Monday’s ad is for The Robert Smith Ale Brewing Co., from sometime after 1896 but before Prohibition. From what I can tell, while the brewery was founded in 1774, it wasn’t known as The Robert Smith Ale Brewing Co. until 1896, when it acquired by C. Schmidt & Sons and operated as one of their divisions (although another source claims Schmidt’s took over the Robert Smith brewery in 1881). The casks stacked to the left in the ad each have a different beer printed in them, suggesting this was the line of beers offered by the brewery at the time of the ad. The beer’s listed are Tiger Head I.P.A., India Pale, Burton, English Pale, XXX, Old Musty, Brown Stout and Imperial Burton. Only Tiger Head I.P.A. and the Brown Stout also have “Bottling” printed in smaller letters at the bottom of the head of the cask, so I suspect those were the two beers they may have offered in bottles.
Saturday’s ad is for Reading Premium, from 1969. This is from my hometown brewery, which closed in 1976. But as regular readers will know, it was a “friendly” beer, having used the slogan “The Friendly Beer For Modern People” since the 1950s. It’s probably my favorite beer slogan of all-time. I guess by the late 1960s it was sounding old-fashioned, so they tried to make it sound a little more groovy by calling it the shorter “Friendmaker.” The ad is for a six-pack of pint bottles — “glass cans” — which is “a right beer, a day beer, a night beer … a drink it any time beer!”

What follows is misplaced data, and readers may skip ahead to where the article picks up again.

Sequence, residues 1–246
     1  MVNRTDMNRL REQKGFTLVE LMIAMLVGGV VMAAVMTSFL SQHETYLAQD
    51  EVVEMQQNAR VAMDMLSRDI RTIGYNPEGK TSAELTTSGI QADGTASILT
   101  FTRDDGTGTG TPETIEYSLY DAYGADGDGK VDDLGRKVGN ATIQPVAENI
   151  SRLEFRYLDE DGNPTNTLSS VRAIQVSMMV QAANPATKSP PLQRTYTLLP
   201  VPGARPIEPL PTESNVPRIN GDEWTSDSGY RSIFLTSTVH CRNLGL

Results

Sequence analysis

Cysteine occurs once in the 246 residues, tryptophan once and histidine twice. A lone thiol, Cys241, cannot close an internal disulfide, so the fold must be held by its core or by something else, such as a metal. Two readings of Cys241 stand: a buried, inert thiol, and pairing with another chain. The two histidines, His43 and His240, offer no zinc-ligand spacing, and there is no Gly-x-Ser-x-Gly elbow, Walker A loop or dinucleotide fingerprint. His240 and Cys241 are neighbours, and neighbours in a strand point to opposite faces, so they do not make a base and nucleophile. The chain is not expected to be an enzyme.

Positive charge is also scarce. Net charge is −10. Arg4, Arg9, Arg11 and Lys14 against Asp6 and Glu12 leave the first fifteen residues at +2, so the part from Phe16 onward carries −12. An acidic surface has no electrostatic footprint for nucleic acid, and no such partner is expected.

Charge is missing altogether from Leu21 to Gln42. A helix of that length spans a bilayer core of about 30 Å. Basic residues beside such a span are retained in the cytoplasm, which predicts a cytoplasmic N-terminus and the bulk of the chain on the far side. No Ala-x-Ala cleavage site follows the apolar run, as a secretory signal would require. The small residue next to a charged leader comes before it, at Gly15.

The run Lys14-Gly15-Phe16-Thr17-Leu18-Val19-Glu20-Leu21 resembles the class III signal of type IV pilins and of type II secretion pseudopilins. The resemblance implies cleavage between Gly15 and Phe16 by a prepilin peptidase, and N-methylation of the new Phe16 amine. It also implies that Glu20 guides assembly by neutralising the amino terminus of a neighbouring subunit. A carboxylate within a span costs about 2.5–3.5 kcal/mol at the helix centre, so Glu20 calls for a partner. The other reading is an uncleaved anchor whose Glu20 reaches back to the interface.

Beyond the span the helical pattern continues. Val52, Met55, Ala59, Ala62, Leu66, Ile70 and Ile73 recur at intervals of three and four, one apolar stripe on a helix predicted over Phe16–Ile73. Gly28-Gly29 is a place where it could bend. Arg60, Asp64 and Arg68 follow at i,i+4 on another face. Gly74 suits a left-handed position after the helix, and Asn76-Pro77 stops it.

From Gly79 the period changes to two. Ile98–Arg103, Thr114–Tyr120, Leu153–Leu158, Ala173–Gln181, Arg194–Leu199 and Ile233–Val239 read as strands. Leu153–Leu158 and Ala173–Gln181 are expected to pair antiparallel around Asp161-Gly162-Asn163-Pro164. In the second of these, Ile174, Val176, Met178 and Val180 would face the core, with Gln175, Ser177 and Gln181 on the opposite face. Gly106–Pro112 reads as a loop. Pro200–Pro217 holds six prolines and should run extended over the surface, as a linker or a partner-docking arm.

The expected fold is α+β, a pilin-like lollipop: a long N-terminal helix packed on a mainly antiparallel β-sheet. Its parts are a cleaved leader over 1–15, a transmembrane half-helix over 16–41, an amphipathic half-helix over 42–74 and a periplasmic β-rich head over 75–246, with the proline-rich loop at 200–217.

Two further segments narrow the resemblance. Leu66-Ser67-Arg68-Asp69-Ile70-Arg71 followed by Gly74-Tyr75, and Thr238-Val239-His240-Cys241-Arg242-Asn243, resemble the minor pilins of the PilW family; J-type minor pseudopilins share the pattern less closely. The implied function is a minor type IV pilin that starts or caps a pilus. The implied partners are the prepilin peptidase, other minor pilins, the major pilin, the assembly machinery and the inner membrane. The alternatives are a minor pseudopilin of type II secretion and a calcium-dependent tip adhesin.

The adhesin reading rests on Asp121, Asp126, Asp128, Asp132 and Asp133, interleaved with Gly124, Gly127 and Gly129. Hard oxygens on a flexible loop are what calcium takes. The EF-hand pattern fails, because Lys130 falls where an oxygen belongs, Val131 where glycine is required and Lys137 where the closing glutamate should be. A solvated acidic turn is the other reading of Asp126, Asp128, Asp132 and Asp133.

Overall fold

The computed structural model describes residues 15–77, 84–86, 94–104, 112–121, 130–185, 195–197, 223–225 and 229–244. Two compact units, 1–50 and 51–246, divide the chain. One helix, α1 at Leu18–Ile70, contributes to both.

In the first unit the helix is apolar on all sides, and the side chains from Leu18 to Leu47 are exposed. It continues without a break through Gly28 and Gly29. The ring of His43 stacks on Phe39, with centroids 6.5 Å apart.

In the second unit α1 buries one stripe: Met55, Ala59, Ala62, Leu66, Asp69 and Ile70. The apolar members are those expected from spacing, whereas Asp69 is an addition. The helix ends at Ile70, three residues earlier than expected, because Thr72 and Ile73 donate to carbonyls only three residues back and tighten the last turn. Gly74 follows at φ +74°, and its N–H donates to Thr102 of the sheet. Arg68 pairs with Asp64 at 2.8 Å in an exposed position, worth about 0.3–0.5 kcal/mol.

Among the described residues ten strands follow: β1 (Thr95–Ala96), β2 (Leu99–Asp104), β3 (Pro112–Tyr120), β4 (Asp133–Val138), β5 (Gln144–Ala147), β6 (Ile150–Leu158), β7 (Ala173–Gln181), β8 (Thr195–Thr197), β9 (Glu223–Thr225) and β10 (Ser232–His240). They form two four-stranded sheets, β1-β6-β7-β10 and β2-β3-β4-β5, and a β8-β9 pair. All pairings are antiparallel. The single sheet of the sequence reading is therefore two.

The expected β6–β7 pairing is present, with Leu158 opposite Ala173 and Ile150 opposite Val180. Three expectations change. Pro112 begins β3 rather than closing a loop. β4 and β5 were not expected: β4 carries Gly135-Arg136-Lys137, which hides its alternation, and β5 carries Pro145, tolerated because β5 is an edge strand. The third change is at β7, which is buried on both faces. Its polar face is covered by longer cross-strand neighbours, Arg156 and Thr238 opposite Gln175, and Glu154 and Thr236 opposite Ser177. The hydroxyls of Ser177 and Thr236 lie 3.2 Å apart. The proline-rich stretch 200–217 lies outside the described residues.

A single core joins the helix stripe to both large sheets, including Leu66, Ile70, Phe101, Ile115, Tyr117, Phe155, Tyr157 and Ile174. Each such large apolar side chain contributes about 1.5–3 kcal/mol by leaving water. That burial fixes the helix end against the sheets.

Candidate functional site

My good friend Tom Peters, one of the owners of Monk’s Cafe and Belgian Beer Emporium in Philadelphia, Pennsylvania, turns 61 today. His enthusiasm for and promotion of Belgian beer has few equals. A couple of years ago, I was privileged to travel through France and Belgium with Tom, which was amazing. And he throws perhaps the best late night parties of anyone I’ve ever known. Join me in wishing Tom a very happy birthday.
Tom Peters, with Rob Tod from Allagash in Portland, Maine, at GABF.
Today is the 52nd birthday of Fergus Carey, better known simply as Fergie. Fergie owns Fergie’s Pub in Philadelphia, Pennsylvania and is co-owner of Monk’s Cafe with Tom Peters and is also a partner in Nodding Head Brewery. Fergie’s always a fun person to have around and he’s as kind as soul as ever I’ve met in the beer world. Join me in wishing Fergie a very happy birthday.